Terry Jo worked as a documentary filmmaker, then became a public health nurse midwife after filming a difficult birth in West Africa. When her son, Lou, was diagnosed with Angelman syndrome at age 1, she switched to research, earning a PhD in neuroscience from Vanderbilt University in a quest to find treatments for Lou, who is now an adult. She directed the Angelman Biomarkers and Outcome Measures Alliance from 2016-2018 and now leads COMBINEDBrain, assisting other rare genetic neurodevelopmental disorders in clinical trial readiness. Her column opens the mind to people with Angelman syndrome and other similar disorders.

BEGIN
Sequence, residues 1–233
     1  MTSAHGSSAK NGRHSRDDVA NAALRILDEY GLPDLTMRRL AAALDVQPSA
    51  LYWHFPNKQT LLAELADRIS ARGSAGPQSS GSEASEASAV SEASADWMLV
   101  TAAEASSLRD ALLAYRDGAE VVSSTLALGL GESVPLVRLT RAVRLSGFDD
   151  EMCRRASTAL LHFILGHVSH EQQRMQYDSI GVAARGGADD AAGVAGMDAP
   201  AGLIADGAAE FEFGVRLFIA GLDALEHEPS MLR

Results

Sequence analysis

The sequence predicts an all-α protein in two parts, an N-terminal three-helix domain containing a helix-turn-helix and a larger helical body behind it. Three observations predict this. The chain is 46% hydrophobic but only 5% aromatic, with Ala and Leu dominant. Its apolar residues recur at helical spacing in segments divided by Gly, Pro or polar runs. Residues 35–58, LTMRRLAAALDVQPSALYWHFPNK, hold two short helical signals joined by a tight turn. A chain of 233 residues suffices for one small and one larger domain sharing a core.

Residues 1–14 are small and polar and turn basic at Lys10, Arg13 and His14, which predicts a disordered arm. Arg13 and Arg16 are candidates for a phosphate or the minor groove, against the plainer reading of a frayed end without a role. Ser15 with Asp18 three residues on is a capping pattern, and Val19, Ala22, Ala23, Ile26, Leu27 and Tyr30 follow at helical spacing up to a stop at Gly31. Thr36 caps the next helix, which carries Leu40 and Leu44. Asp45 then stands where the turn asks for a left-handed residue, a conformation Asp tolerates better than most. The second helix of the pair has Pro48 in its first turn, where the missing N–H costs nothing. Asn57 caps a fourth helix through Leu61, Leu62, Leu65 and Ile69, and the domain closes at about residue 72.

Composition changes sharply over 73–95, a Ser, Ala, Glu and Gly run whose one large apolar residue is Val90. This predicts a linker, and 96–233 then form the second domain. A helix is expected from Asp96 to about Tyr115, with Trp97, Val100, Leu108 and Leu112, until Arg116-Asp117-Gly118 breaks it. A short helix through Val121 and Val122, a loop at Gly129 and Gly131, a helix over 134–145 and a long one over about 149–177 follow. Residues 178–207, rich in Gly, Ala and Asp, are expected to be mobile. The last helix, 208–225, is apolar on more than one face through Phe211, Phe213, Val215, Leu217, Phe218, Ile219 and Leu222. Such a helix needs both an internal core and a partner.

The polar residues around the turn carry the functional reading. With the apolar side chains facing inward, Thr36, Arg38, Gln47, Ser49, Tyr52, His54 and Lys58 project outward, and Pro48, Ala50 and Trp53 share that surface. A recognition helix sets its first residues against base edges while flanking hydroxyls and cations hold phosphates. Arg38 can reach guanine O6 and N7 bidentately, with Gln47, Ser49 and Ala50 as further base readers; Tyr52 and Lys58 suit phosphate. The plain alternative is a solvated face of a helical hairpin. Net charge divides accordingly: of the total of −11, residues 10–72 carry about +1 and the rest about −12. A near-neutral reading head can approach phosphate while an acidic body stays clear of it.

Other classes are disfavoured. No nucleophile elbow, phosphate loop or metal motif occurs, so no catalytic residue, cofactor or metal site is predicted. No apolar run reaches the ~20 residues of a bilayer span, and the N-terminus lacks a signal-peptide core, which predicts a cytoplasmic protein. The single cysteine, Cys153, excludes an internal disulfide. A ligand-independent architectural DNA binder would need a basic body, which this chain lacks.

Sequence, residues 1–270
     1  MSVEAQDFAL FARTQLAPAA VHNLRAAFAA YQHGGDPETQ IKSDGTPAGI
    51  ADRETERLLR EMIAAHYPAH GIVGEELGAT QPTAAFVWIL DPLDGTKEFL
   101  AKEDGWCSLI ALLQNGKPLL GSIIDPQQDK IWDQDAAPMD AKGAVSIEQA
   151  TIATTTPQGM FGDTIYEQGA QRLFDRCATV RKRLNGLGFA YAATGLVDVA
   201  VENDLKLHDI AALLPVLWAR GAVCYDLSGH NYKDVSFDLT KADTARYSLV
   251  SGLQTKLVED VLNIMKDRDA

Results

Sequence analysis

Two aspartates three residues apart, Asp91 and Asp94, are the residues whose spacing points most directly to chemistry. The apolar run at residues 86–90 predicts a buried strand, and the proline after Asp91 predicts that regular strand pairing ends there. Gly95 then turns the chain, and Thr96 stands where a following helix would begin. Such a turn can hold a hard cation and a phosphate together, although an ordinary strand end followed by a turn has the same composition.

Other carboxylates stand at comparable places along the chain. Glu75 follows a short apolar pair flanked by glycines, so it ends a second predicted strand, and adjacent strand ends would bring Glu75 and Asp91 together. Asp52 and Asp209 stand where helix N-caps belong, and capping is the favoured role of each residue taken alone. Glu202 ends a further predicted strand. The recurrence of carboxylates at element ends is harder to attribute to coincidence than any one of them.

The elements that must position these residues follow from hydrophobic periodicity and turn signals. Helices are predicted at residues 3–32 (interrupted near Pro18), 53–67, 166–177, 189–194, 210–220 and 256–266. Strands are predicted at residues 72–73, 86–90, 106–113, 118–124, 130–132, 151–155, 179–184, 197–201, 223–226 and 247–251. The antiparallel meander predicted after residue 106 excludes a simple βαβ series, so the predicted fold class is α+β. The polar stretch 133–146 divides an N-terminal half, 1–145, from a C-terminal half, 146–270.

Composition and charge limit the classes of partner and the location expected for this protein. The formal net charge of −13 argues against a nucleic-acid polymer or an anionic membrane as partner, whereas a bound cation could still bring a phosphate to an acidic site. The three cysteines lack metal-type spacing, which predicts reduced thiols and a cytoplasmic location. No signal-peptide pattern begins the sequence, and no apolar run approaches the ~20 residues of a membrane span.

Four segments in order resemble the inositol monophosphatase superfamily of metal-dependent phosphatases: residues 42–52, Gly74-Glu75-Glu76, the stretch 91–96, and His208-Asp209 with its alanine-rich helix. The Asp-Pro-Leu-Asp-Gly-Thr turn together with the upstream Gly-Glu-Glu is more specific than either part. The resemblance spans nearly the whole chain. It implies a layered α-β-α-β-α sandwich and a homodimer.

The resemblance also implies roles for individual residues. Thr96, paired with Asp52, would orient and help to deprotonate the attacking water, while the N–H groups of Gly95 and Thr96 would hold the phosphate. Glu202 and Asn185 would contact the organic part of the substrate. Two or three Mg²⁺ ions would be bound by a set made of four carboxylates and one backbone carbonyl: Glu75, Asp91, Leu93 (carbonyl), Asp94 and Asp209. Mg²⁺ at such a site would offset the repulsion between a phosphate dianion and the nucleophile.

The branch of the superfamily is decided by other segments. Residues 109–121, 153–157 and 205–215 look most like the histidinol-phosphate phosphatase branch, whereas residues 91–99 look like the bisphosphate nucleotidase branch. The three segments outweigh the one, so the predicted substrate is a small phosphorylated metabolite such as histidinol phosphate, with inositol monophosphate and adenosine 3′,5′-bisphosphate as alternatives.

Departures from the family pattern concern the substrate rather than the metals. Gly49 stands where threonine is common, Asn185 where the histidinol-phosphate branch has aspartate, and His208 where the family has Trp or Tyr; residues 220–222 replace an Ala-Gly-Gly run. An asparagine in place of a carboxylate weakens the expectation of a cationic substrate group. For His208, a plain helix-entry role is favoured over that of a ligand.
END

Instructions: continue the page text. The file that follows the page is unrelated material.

We already have social security numbers, dates of birth, addresses, license plates, heights, weights, and ICD-10 codes. Isn’t that enough? No. It just plain isn’t enough for people with rare ... Read more
Welcome to Terry Jo Bichell’s “A Rare Mind,” a new Angelman Syndrome News column. About 75 people, mostly women, were in the room at the Washington Marriott Georgetown, listening attentively to ... Read more